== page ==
From Tench Coxe
Philadelphia June 18 1810
It would be a matter of surprize to you, if you were to learn that any person, who ever felt a solicitude for the public happiness & safety, were easy in the recent state of our foreign affairs. The provision in the treaty* between France & Holland,1 the complicated but consolidated power of France in Germany, which far exceeds that of the imperial & electoral family of Austria, at any period, the general progress and consolidation of the French power, and all the circumstances of the times, bring to my mind a paper I had the honor to submit to the late President upon the dangers to our country from abroad and the strength with which those dangers admonished us to arm our whole free population. The date, I think on memory, was about the month of April 1807.2 The enclosed paper I beg leave to submit, as bearing upon the same Subject—particularly the last paragraph.3
I am deeply sorry to perceive that our affairs have issued, with France in the way I have feared. Alternately alarmed for her safety and extravagant in success, always irritable in her councils, & irregular also from the unsettled nature of her various governments during twenty eventful years, she has gone into one energetic or hasty step and another till the kingdoms of the old world are nearly all sent from their foundations and our Situation has become painful, in various views, suffering in extreme and full of danger.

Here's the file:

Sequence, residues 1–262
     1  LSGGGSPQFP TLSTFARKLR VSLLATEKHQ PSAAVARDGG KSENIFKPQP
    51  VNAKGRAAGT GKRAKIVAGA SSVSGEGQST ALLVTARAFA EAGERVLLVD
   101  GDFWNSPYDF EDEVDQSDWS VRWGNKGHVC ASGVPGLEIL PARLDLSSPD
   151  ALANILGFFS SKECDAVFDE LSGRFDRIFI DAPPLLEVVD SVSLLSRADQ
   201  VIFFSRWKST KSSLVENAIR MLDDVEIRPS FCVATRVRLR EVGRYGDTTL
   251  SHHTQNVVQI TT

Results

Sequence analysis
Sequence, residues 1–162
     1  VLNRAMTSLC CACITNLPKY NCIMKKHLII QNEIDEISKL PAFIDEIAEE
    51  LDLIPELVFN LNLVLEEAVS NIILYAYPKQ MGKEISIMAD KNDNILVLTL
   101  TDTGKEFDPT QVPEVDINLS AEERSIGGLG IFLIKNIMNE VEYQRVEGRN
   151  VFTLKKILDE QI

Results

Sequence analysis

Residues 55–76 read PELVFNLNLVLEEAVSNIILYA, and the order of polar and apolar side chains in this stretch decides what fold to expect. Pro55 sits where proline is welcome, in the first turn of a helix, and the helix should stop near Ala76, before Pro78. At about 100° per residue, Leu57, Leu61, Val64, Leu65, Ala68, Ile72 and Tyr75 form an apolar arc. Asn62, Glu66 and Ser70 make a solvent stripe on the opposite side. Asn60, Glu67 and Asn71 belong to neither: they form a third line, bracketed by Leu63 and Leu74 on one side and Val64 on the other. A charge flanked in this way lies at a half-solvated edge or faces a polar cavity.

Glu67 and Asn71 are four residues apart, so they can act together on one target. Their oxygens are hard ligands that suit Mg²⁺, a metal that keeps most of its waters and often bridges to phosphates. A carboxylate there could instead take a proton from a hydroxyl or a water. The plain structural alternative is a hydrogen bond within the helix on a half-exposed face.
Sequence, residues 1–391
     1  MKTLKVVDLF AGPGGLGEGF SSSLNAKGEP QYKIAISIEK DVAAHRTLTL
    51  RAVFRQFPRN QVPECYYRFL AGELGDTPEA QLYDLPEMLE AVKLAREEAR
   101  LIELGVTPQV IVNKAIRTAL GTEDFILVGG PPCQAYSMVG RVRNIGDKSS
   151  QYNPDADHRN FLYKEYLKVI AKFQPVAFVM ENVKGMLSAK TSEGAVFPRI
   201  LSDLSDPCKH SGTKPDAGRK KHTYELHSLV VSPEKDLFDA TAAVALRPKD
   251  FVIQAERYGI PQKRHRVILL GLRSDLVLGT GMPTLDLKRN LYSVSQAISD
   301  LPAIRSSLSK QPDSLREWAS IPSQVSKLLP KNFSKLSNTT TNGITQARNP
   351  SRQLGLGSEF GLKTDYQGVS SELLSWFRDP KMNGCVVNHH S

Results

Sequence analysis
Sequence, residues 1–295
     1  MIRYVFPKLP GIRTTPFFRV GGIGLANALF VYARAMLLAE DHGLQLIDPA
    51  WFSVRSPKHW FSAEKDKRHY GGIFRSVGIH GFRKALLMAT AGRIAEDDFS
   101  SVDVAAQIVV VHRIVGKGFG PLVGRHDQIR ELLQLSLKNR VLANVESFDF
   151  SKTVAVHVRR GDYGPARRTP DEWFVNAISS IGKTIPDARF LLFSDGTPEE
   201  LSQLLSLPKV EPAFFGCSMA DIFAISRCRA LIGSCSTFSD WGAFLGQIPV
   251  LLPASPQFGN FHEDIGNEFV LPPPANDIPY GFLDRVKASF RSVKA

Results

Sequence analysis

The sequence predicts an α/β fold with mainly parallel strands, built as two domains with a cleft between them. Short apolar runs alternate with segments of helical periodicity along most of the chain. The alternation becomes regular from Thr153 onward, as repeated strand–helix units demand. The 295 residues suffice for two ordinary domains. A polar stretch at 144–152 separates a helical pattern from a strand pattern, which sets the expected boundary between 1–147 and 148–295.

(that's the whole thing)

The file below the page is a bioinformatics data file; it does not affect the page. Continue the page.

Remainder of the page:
To insure the prevention of vital evils is the first object. The general armament of the country has long appeared to me the great & only means. The resistance of the Blacks of St. Domingo is a proof of power of an armed people, however rude and ignorant. Spain has stood longer on that ground than Austria or Prussia.
Permit me, Sir, to ask your perusal of the paper of 1807, to which I have refer’d, and your consideration of its suggestions in connexion with the present time.
It will not render things better between us, that the Marquis of Wellesley has conceded the question of the right to retaliate, in his recent correspondence with Mr. Pinckney. I have the honor to be, Sir your most respectful h. Servt.
RC and enclosure (DLC). For enclosure, see n. 3.
2. In his letter to Jefferson of January 1807 (received 24 Jan.), Coxe enclosed his essay “Opinion on Arming the Militia for Defense” (DLC: Jefferson Papers; see also Cooke, Tench Coxe, pp. 430–31 n. 38).
3. Coxe enclosed a clipping of an essay entitled “The Public Safety,” which appeared under the signature “Z” in the Philadelphia Democratic Press on 18 June 1810. The essay advocated the diversification of the American economy and stressed that the public defense required a “universal militia, armed and embodied.” The last paragraph, marked in ink, argued that for the cost of eighteen ships of the line and eighteen frigates, the U.S. could purchase enough cannon, muskets, and rifles to arm every man and militia unit in the nation. The article is now in JM’s portfolio of newspaper clippings (DLC, series 7, container 3).